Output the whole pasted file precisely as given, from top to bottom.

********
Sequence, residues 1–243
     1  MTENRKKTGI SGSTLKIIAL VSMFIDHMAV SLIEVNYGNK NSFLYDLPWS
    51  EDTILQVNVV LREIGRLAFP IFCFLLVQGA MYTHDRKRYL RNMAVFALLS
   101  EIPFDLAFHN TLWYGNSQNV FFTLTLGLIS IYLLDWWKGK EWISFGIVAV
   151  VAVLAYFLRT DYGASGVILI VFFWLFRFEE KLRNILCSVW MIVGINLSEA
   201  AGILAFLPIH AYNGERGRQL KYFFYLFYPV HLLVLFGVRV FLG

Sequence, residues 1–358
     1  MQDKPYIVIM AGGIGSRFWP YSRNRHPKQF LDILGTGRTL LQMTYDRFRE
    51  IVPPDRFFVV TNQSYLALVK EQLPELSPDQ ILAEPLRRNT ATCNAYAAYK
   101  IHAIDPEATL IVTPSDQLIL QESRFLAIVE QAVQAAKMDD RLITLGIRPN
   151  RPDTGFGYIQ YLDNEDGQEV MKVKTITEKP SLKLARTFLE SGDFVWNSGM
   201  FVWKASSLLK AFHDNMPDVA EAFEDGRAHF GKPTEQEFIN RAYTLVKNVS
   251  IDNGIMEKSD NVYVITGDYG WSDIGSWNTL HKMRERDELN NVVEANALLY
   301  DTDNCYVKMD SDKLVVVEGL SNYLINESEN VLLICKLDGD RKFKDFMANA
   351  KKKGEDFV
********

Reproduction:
Sequence, residues 1–243
     1  MTENRKKTGI SGSTLKIIAL VSMFIDHMAV SLIEVNYGNK NSFLYDLPWS
    51  EDTILQVNVV LREIGRLAFP IFCFLLVQGA MYTHDRKRYL RNMAVFALLS
   101  EIPFDLAFHN TLWYGNSQNV FFTLTLGLIS IYLLDWWKGK EWISFGIVAV
   151  VAVLAYFLRT DYGASGVILI VFFWLFRFEE KLRNILCSVW MIVGINLSEA
   201  AGILAFLPIH AYNGERGRQL KYFFYLFYPV HLLVLFGVRV FLG

Sequence, residues 1–358
     1  MQDKPYIVIM AGGIGSRFWP YSRNRHPKQF LDILGTGRTL LQMTYDRFRE
    51  IVPPDRFFVV TNQSYLALVK EQLPELSPDQ ILAEPLRRNT ATCNAYAAYK
   101  IHAIDPEATL IVTPSDQLIL QESRFLAIVE QAVQAAKMDD RLITLGIRPN
   151  RPDTGFGYIQ YLDNEDGQEV MKVKTITEKP SLKLARTFLE SGDFVWNSGM
   201  FVWKASSLLK AFHDNMPDVA EAFEDGRAHF GKPTEQEFIN RAYTLVKNVS
   251  IDNGIMEKSD NVYVITGDYG WSDIGSWNTL HKMRERDELN NVVEANALLY
   301  DTDNCYVKMD SDKLVVVEGL SNYLINESEN VLLICKLDGD RKFKDFMANA
   351  KKKGEDFV